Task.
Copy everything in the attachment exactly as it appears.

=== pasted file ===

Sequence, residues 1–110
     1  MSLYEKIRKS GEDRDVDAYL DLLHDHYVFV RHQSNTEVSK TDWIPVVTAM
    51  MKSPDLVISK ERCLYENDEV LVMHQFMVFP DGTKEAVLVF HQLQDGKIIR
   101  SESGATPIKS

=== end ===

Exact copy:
Sequence, residues 1–110
     1  MSLYEKIRKS GEDRDVDAYL DLLHDHYVFV RHQSNTEVSK TDWIPVVTAM
    51  MKSPDLVISK ERCLYENDEV LVMHQFMVFP DGTKEAVLVF HQLQDGKIIR
   101  SESGATPIKS